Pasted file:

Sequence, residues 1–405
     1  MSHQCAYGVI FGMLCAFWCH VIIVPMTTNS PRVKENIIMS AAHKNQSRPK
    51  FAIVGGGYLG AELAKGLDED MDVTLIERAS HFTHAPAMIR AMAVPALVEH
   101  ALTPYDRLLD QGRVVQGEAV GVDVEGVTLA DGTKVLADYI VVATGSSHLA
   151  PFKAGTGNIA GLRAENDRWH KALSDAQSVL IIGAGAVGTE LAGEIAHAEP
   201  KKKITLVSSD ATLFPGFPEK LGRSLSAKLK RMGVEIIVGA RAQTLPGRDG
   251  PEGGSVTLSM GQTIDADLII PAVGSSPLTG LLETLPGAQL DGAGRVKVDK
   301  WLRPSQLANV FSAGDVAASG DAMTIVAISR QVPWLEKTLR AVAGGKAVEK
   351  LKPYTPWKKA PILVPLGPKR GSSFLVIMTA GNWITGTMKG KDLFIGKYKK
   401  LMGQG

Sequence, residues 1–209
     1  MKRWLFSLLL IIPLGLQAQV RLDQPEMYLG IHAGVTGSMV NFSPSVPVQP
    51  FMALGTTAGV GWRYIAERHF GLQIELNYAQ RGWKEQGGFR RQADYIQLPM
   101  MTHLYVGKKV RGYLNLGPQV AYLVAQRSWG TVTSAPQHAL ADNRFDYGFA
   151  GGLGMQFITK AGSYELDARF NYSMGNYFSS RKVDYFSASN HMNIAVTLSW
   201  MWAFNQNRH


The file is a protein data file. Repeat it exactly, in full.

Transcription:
Sequence, residues 1–405
     1  MSHQCAYGVI FGMLCAFWCH VIIVPMTTNS PRVKENIIMS AAHKNQSRPK
    51  FAIVGGGYLG AELAKGLDED MDVTLIERAS HFTHAPAMIR AMAVPALVEH
   101  ALTPYDRLLD QGRVVQGEAV GVDVEGVTLA DGTKVLADYI VVATGSSHLA
   151  PFKAGTGNIA GLRAENDRWH KALSDAQSVL IIGAGAVGTE LAGEIAHAEP
   201  KKKITLVSSD ATLFPGFPEK LGRSLSAKLK RMGVEIIVGA RAQTLPGRDG
   251  PEGGSVTLSM GQTIDADLII PAVGSSPLTG LLETLPGAQL DGAGRVKVDK
   301  WLRPSQLANV FSAGDVAASG DAMTIVAISR QVPWLEKTLR AVAGGKAVEK
   351  LKPYTPWKKA PILVPLGPKR GSSFLVIMTA GNWITGTMKG KDLFIGKYKK
   401  LMGQG

Sequence, residues 1–209
     1  MKRWLFSLLL IIPLGLQAQV RLDQPEMYLG IHAGVTGSMV NFSPSVPVQP
    51  FMALGTTAGV GWRYIAERHF GLQIELNYAQ RGWKEQGGFR RQADYIQLPM
   101  MTHLYVGKKV RGYLNLGPQV AYLVAQRSWG TVTSAPQHAL ADNRFDYGFA
   151  GGLGMQFITK AGSYELDARF NYSMGNYFSS RKVDYFSASN HMNIAVTLSW
   201  MWAFNQNRH